Often attributed to Ernest Hemingway, the six-word story, "for sale: baby shoes, never worn," has merited its own Wikipedia entry and started the #sixwordmemoir trend.
It also subtly (but masterfully) adheres to a storytelling template popularized by Randy Olson in his excellent book, Houston, We Have a Narrative (and elsewhere).
Olson contends the best stories follow a simple, yet brilliant, three-part structure:
- And: "A typical story begins with what is called exposition, meaning a laying out of a few facts. The simplest and most common connector is the agreement word and."
- But: "Then it comes time for the story to start (a story begins when something happens). This is where the word but comes in.
- Therefore: "Once we have established the problem, which points to a question, then we want to head off on our journey in search of an answer to the question, which we do with therefore, a consequence word.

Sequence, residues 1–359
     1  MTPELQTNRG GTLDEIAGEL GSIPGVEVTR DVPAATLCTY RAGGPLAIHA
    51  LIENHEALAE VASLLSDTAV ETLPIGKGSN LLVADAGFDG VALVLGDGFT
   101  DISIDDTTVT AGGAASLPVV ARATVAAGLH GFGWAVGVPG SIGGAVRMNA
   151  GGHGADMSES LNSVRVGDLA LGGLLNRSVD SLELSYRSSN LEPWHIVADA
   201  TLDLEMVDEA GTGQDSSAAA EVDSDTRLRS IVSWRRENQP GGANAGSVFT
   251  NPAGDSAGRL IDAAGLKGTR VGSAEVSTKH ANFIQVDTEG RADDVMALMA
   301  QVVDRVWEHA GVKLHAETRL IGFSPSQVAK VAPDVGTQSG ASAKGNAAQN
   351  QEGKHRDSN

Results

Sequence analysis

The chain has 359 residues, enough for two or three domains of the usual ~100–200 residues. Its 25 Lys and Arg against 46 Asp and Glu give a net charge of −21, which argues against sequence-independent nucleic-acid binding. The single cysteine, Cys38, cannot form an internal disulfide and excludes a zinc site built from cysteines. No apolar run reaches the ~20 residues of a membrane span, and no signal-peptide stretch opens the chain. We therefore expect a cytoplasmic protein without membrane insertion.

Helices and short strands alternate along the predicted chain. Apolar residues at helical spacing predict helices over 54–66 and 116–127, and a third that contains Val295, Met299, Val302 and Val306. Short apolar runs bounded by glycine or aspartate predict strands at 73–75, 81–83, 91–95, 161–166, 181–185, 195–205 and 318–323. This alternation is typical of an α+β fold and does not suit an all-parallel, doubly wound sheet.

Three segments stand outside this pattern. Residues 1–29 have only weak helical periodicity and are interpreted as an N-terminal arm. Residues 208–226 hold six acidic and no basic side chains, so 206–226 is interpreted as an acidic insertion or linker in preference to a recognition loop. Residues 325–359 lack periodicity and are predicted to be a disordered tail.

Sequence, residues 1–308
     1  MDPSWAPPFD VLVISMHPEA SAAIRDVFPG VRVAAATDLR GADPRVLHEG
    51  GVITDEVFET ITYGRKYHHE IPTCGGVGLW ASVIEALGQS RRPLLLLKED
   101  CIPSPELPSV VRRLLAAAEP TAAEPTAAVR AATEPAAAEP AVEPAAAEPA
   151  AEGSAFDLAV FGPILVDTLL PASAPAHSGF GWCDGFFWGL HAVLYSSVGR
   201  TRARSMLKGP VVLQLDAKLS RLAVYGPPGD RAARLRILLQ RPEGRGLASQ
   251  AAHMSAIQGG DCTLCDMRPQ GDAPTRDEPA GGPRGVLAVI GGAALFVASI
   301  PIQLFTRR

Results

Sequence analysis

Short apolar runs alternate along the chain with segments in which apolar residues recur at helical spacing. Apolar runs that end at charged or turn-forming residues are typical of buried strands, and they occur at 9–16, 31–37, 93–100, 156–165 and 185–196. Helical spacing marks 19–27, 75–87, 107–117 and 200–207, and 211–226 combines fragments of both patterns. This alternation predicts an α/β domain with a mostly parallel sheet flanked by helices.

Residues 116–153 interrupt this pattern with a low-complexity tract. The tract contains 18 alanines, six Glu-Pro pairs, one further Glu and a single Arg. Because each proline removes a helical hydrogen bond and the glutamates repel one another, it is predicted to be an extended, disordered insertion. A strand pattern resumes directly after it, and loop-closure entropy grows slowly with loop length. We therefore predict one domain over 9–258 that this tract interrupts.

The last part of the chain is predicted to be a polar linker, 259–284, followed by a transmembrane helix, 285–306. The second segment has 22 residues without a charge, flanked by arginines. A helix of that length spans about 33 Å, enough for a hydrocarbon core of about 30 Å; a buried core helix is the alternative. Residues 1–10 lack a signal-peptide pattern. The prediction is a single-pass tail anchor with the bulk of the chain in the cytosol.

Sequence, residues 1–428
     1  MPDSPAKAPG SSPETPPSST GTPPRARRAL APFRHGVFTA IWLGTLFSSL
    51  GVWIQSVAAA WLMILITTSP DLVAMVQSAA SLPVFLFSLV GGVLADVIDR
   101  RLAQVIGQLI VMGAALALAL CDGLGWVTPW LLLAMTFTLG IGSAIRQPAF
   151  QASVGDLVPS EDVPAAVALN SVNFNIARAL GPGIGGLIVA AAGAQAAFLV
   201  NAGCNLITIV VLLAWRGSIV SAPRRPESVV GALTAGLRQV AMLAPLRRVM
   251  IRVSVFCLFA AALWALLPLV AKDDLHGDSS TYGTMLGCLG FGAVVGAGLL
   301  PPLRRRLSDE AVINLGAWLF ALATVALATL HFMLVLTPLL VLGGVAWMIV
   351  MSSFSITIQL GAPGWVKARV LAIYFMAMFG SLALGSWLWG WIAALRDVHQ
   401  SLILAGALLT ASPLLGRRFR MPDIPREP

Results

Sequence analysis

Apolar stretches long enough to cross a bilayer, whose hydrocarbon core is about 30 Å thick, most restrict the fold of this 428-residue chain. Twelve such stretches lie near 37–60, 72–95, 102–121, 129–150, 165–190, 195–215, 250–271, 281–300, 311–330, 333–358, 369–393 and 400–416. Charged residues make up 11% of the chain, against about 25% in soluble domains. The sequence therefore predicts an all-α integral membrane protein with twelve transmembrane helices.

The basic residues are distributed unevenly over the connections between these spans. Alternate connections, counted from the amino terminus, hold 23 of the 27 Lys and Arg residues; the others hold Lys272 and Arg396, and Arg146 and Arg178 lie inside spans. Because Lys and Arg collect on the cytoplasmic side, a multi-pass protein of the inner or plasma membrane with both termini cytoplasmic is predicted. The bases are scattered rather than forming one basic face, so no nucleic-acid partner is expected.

And that’s what makes those six words, "for sale, baby shoes, never worn," such a complete, albeit emotionally wrenching, story. Our minds only require those six thoughtfully selected words to intuit a story that might sound something like this with all the blanks filled in:
"We learned we were expecting a child and we joyously started getting ready for the blessed event by preparing the nursery, finding cute clothes and buying baby shoes, but something went terribly wrong and we lost the child. Therefore, our only recourse is bravely to move on with our lives after this loss."
Amazing, right? The genres of twitterature, drabble and other forms of flash fiction exist because brilliant stories can be told quickly and well. Yours should be one of them.